I'm a french trumpet player. I have been practising a lot on my trumpet lately and I am making improvements. But everytime I try to get to high notes, the sound is "stuck" in my throat.

However, when I take my mouthpiece and vibrate in it, I can go really high. And I can use the right amount of air! But the moment I grab my trumpet and play high, the sound disapears in my throat, as if it was really tight and tense.

I'm desperate to get better, but I always struggle with anxiety and muscular problems, my muscles are always really tense. I imagine that all I should do is to relax my throat for the air to keep going, but I can't.

Do you know how I could relax my throat, and letting the air come along with my lips? Do you know any exercices to be more "relaxed" while holding the trumpet? It is really important to me. I started to get really depressed by the fact that everything is improving except for my range.

  • I would try to see a teacher to exclude tension in the wrong parts of the body. I was astonished to read throat since I see no required interaction with the stream of air. Have you tried another trumpet with the same effect?
    – guidot
    Jul 19, 2019 at 11:46
  • Interestingly, Merriam-Webster defines "french trumpet" as "an organ reed stop of 8′ pitch and brilliant tone" Jul 19, 2019 at 12:06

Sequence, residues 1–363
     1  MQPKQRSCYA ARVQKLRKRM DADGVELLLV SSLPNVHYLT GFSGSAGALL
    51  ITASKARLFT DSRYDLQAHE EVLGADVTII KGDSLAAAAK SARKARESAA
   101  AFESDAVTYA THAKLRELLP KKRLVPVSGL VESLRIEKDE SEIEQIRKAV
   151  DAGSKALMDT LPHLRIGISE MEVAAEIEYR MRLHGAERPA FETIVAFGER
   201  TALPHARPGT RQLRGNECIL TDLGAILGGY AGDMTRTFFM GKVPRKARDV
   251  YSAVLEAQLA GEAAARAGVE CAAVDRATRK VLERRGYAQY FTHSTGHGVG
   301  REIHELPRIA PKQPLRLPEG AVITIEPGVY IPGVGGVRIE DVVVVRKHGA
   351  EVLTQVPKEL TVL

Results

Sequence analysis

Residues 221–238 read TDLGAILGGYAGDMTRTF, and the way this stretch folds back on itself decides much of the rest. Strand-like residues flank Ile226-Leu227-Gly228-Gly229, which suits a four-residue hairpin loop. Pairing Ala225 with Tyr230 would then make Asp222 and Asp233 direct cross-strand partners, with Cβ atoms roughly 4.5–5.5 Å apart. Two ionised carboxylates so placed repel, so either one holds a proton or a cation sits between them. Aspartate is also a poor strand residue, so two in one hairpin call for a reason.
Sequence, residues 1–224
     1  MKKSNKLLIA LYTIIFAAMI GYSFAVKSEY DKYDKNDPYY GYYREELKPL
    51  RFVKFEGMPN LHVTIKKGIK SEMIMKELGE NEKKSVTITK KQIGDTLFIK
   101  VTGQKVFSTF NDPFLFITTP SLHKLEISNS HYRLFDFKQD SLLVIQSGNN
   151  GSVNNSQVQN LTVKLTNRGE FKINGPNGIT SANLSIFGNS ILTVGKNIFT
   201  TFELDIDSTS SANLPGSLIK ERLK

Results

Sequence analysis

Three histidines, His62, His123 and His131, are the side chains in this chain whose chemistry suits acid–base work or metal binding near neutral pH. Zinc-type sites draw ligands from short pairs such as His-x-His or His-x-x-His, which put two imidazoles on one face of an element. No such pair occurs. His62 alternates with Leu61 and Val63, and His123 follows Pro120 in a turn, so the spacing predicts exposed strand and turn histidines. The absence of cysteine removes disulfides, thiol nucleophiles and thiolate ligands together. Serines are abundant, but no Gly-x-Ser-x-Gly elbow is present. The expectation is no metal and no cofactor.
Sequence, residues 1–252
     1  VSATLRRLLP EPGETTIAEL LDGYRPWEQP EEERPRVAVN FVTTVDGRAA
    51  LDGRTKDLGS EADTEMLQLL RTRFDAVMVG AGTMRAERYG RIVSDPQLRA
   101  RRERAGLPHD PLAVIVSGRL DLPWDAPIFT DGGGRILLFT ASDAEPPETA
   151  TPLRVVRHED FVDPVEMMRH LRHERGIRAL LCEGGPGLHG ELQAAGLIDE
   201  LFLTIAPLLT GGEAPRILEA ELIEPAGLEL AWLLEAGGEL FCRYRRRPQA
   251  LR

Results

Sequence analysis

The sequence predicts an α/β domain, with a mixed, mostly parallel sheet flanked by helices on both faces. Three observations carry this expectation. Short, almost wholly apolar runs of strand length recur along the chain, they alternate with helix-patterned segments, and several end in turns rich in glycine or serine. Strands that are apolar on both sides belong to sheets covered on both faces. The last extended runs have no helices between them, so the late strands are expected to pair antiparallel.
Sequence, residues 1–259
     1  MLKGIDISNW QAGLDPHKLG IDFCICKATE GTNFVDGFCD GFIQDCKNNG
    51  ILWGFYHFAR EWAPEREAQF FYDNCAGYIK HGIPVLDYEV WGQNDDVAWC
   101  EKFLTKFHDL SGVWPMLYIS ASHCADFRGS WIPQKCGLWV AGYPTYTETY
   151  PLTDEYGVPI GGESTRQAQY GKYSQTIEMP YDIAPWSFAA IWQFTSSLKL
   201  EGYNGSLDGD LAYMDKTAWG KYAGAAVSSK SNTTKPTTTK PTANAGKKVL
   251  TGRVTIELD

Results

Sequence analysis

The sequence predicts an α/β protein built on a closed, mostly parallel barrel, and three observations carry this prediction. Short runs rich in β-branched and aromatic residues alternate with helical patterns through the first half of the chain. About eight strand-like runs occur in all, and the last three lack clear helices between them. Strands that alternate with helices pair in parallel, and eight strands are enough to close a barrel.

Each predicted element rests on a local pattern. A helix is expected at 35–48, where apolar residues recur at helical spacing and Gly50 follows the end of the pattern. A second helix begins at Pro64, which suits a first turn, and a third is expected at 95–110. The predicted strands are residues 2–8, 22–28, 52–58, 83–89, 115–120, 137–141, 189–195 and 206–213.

• I actually never tried another trumpet. I just have my own !
    – Ajzen
    Jul 21, 2019 at 8:35

2 Answers 2


I would play lip slurs/trills between B and G while holding valves 1 and 3 down going as fast as I can and this should make your range and endurence better.


Most important thing to do is work with a teacher.

Aside from that, I would recommend playing long tones, starting with the 4 or 5 pitches at the top of your current comfortable range, and adding one or two pitches above that. Concentrate on not changing your throat or diaphragm muscles.
Along with the long tones, play a slow slurred scale going up, concentrating on a continuous clean sound. This will help you "forget" that you've just gone a pitch or two higher than you thought comfortable.

And be patient -- it may take quite a while to add, say, a full octave to your range.

  • Thanks you, I will follow your advices ! I can feel, indeed, that a part of the problem is the fact that I might be "afraid" of getting highter.
    – Ajzen
    Jul 21, 2019 at 8:36

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